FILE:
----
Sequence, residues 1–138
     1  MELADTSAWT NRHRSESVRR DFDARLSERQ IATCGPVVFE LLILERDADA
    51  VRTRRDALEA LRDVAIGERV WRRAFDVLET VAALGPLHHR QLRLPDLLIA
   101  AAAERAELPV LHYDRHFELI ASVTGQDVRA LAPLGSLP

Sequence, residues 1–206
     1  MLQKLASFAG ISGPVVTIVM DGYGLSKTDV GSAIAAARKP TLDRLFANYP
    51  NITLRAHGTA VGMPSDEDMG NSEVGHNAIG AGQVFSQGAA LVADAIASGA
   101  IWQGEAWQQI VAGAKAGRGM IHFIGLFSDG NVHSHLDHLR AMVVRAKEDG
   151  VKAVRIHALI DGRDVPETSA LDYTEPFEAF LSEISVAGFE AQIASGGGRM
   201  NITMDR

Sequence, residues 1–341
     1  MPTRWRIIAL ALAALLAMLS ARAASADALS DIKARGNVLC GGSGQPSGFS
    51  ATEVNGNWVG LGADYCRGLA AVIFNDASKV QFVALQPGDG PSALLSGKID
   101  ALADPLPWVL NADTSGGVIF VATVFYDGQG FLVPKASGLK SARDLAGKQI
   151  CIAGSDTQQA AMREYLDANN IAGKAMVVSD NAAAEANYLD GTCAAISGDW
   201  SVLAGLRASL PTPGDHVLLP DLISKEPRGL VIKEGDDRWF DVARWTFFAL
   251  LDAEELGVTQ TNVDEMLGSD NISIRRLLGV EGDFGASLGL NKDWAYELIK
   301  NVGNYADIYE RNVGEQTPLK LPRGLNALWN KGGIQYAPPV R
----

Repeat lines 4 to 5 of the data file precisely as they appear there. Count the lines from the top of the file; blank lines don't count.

   101  AAAERAELPV LHYDRHFELI ASVTGQDVRA LAPLGSLP

Sequence, residues 1–206